Interview Attire 101: Seven Suggestions to Help You Make an Impression…and Hopefully Get an Offer!

One of the most stressful rites of passage in an adult’s life is the dreaded job interview. There’s so much to worry about: how to make a good impression on your interviewer(s); how to present yourself as the absolute best candidate for the position; and, of course, what the heck you should wear!

The clothes you wear to a job interview are a big deal, because the image you present to your interviewer can sometimes make the difference between getting and not getting a job offer. Whether you want to admit it or not, your appearance speaks volumes about the kind of employee you might be. Are you sloppy or put-together? Are you flamboyant or appropriate? Do you pay attention to details or not? Remember, in this situation the wrong kind of attention is worse than no attention at all.

Whether you’re a soon-to-be graduate looking for a first job or a seasoned professional who’s eyeing a new position, read on for seven of my tried-and-true interview attire tips:

Focus on quality, not quantity. Always, always choose interview clothing in the best fabric you can afford, even if it means starting out with only two suits or outfits. (You can build on that base later once you’re receiving your new paycheck!) Quality clothing looks best, holds up longest, travels well, and doesn’t need to be dry cleaned as often. I recommend investing in wool suits and skirts specifically, since wool is durable and easy to maintain, and can be worn at least 10 months out of the year in most climates.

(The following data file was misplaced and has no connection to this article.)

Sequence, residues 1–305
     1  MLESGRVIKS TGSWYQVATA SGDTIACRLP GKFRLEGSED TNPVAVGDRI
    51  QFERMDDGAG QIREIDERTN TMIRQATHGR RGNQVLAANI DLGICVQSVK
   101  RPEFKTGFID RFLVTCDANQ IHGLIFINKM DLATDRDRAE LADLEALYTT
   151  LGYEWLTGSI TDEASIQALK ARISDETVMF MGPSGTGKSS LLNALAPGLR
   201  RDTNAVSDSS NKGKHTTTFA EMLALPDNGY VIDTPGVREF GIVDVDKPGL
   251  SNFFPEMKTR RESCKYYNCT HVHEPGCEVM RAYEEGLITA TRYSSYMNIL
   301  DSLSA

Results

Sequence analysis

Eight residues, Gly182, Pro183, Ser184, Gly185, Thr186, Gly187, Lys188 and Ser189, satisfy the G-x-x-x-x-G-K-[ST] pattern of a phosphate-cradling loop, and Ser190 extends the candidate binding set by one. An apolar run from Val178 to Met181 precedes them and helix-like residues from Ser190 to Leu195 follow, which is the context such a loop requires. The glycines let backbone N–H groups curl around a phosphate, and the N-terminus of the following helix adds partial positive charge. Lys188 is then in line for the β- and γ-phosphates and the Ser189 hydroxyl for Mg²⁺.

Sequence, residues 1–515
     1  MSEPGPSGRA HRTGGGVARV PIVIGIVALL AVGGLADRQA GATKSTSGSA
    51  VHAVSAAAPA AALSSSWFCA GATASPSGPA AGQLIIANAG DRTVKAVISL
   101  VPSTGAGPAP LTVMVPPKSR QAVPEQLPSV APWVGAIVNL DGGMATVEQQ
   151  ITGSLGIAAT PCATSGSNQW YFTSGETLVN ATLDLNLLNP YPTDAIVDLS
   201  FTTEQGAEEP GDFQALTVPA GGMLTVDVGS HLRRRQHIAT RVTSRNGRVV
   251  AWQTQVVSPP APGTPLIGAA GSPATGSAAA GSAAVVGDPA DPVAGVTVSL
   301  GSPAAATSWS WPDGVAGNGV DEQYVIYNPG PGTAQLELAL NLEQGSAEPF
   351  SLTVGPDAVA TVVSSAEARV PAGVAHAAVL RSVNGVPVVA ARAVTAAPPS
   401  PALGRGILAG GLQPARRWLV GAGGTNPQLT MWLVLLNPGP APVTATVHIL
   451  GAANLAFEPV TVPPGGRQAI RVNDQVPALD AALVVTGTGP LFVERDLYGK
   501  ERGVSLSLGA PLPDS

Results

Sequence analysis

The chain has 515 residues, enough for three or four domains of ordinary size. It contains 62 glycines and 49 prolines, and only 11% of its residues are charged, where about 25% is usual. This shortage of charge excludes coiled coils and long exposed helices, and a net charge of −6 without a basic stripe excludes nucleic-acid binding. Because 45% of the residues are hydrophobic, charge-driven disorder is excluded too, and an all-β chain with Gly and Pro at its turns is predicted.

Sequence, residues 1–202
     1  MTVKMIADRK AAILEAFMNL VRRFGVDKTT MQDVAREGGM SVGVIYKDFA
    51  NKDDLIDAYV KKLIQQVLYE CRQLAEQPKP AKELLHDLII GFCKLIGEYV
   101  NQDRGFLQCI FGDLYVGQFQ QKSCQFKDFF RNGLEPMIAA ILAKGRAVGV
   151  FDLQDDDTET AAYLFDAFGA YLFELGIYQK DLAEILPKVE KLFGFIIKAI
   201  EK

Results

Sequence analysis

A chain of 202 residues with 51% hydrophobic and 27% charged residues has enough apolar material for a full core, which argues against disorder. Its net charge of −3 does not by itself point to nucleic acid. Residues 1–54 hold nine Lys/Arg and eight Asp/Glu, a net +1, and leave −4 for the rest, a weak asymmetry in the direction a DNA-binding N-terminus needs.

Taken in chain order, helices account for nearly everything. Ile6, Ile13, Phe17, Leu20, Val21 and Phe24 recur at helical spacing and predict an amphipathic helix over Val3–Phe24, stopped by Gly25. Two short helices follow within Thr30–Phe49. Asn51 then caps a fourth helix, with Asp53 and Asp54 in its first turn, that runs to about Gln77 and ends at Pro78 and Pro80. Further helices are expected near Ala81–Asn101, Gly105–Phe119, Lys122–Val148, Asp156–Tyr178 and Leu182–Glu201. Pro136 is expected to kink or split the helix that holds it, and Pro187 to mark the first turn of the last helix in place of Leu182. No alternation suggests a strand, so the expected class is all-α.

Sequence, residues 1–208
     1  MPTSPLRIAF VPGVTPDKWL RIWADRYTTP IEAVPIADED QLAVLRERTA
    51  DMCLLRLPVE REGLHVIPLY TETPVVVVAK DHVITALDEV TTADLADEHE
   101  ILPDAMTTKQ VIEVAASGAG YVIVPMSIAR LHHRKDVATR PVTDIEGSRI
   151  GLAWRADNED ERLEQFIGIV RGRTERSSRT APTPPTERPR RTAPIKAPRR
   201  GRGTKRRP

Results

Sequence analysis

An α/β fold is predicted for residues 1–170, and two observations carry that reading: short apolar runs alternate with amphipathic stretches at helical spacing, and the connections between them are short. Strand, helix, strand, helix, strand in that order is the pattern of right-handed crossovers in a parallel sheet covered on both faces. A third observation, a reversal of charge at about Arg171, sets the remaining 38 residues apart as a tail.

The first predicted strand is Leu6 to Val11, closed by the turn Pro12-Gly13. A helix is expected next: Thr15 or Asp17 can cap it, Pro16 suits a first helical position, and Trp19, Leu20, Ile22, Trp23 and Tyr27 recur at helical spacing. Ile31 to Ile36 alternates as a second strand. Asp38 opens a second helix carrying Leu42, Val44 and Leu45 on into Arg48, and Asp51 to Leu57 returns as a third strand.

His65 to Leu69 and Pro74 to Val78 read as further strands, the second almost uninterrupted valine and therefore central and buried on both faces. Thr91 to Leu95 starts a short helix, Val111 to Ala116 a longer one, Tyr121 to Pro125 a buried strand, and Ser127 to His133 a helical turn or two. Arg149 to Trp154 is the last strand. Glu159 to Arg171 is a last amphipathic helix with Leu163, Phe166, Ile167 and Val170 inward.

Make sure your clothes match you. In addition to choosing high-quality pieces, it’s also important to make sure that your interview clothes are the right color and shape for your age, coloration, body type, and career. Ask a friend, sales associate, or image consultant for advice if you’re not sure what works best for you. Specifically, avoid pieces that are too short, too tight, or (for more mature applicants) too young. Remember, a flattering, well-tailored outfit shows attention to detail and makes a good first impression about you and how you will do business.

Be classy and memorable. Every job applicant wants to stand out from the crowd. But during the interview stage, it’s probably best not to distinguish yourself sartorially. Above all, you don’t want to make a lasting negative impression with wobbly too-high heels or an in-your-face tie. If you don’t want to be forgotten because of your “boring” beige suit, focus on setting yourself apart by how you present yourself, your experience, and your potential. Remember, people are making decisions about you from the moment you first meet, whether you realize it or not. So when in doubt, err on the side of dressing conservatively. You can think about moving closer to the cutting edge of fashion after you’ve been hired.